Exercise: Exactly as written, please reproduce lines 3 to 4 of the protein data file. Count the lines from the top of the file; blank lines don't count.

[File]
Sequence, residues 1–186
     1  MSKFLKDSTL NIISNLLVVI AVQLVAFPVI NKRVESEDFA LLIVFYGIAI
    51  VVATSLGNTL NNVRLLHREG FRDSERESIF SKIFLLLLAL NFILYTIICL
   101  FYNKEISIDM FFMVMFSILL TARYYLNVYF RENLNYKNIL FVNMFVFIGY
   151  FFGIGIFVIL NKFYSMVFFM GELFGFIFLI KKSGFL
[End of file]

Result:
    51  VVATSLGNTL NNVRLLHREG FRDSERESIF SKIFLLLLAL NFILYTIICL
   101  FYNKEISIDM FFMVMFSILL TARYYLNVYF RENLNYKNIL FVNMFVFIGY